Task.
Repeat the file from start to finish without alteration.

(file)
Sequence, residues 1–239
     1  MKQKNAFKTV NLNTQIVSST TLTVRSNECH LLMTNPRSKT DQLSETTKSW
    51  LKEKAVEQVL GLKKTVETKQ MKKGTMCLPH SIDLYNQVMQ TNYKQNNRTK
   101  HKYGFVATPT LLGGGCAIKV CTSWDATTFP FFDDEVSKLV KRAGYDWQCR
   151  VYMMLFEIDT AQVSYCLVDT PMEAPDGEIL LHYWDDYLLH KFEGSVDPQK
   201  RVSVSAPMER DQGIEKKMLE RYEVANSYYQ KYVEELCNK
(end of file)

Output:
Sequence, residues 1–239
     1  MKQKNAFKTV NLNTQIVSST TLTVRSNECH LLMTNPRSKT DQLSETTKSW
    51  LKEKAVEQVL GLKKTVETKQ MKKGTMCLPH SIDLYNQVMQ TNYKQNNRTK
   101  HKYGFVATPT LLGGGCAIKV CTSWDATTFP FFDDEVSKLV KRAGYDWQCR
   151  VYMMLFEIDT AQVSYCLVDT PMEAPDGEIL LHYWDDYLLH KFEGSVDPQK
   201  RVSVSAPMER DQGIEKKMLE RYEVANSYYQ KYVEELCNK